Dating nicknames


23-Oct-2016 10:06

After all, if the person who loves you thinks you’re stupid then it must be true.

Remember, if the person you love is making you feel bad about yourself then he/she really doesn’t love you. You should feel free to express who you really are with your partner. For confidential help, please call the National Teen Dating Abuse Helpline: 1-866-331-9474.

Any time your partner chooses to insult you, your appearance, your intelligence, your choices or opinions it’s emotional abuse.

Yes, your partner can have his/her own opinions, but when they question your ideas to the point of insult or humiliation, it becomes emotional abuse.

By insulting you he/she is making you more dependent.

Many abusers will humiliate or embarrass their partners in public as a method of control to “prove” that only the abuser can love them.

There is no need to spell them out here; you can imagine what kinds of words they use.A victim of emotional abuse may start to blame themselves for the abuser’s behavior and come to believe what the abuser says.Constant criticism will compel the victim to “improve” him/herself. People abbreviate it OKC, which always makes me wonder what’s up in Oklahoma City. – who’s the curator of a pathology museum in the UK and who has a wonderful Twitter handle: La Petit Mort-ician. The name was originally Matchbox; it was deemed too close to competitor Match and changed to Tinderbox, then shortened to Tinder.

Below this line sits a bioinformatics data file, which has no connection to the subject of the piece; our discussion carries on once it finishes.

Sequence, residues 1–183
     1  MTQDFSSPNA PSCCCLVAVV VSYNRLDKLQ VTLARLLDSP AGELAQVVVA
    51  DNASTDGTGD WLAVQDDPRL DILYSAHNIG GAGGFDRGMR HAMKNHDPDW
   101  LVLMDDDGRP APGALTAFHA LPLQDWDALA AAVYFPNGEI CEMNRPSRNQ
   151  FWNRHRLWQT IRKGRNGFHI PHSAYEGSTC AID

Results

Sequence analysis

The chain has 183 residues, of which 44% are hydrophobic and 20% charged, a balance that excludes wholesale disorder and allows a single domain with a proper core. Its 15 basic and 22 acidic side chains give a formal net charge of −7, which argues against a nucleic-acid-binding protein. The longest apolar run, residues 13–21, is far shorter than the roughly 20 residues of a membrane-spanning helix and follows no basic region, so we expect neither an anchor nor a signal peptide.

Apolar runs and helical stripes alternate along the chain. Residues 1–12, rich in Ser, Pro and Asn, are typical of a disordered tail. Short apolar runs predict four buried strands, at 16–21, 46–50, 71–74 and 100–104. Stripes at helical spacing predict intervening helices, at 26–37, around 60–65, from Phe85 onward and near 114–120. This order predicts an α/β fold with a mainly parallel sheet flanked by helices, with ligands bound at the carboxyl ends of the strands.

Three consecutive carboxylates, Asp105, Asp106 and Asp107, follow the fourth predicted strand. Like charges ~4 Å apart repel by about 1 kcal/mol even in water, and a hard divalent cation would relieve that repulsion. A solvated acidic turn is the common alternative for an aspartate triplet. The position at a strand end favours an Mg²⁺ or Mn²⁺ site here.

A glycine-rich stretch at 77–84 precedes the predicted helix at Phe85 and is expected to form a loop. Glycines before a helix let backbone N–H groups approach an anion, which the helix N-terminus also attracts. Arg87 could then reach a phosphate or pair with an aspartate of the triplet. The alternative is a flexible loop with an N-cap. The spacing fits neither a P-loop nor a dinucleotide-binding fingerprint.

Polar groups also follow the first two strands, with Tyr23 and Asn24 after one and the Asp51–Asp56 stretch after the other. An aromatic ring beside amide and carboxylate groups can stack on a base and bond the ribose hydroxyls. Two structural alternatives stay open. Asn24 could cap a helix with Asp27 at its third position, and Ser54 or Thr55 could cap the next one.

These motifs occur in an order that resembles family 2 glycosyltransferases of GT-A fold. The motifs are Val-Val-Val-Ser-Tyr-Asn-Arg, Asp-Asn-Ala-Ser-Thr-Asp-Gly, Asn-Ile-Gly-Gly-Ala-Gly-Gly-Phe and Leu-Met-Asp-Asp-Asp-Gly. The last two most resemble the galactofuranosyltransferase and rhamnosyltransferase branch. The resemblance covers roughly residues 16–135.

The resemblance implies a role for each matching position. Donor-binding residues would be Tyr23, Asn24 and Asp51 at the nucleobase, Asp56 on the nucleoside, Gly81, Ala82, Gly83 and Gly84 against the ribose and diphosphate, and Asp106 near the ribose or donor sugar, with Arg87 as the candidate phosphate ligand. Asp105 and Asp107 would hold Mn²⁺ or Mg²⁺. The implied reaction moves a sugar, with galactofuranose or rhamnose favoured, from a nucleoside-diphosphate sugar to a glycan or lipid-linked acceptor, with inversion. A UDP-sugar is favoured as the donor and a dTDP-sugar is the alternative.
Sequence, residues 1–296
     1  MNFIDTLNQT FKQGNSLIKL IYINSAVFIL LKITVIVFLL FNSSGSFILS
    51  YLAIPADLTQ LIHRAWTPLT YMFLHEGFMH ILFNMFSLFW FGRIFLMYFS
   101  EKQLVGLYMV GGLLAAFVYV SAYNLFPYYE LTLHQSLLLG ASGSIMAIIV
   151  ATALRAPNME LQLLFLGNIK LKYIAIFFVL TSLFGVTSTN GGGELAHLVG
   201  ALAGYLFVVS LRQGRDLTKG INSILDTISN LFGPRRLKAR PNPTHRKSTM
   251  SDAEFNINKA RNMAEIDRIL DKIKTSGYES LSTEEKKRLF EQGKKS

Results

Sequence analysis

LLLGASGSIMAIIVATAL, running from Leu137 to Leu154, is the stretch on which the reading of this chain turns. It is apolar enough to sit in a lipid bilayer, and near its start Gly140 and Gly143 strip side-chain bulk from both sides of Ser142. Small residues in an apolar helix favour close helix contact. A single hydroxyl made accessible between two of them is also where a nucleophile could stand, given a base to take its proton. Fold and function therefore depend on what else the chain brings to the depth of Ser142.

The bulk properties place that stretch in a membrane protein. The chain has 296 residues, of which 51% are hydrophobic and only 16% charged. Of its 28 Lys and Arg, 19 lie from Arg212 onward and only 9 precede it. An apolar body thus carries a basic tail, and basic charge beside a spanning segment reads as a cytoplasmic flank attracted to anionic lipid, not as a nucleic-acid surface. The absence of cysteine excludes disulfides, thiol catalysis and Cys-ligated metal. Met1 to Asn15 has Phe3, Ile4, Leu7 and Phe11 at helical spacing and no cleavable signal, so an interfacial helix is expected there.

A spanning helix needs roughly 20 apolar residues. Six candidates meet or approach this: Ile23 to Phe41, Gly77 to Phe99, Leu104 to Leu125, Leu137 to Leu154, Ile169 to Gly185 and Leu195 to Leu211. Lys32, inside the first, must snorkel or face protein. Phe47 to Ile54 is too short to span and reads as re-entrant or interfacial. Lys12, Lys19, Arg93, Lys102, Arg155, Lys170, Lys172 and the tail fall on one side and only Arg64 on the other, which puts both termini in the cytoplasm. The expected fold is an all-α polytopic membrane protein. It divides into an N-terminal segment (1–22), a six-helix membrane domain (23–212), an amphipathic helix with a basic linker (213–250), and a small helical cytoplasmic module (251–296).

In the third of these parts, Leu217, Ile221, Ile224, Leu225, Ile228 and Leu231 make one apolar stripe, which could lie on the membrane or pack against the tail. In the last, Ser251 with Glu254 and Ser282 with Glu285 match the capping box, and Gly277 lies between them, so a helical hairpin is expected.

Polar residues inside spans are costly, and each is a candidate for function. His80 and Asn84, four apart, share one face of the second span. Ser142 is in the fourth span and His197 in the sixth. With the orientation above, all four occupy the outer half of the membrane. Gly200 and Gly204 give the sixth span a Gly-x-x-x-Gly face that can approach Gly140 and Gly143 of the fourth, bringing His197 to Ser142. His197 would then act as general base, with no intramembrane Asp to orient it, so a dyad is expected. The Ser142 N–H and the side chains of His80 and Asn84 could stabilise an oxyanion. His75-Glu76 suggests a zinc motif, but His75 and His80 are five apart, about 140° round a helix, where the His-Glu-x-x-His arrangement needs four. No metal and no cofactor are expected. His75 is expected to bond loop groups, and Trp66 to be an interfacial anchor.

That’s when this company was founded by a 66-year-old psychologist, Neil Clark Warren, who’s now north of 80 and still running the show. And can you say “Ok, Cupid” to your Android phone, the way you’d say “OK, Google”? You can read it as descriptive (making a match) or as metaphorical (strike a match, find your flame). Talk about a niche market: this is a site “to enable people in the death industry” – pathologists, funeral organizers, taxidermists, crematorium techs – “to meet like-minded individuals.” It was founded by Carla Valentine – timely tie-in alert! This is the gamified future of dating: a mobile app, launched in 2012, that dispenses with the personal data and just shows photos (swipe right for a hit, left for a miss).

Having others call you names might roll right off you.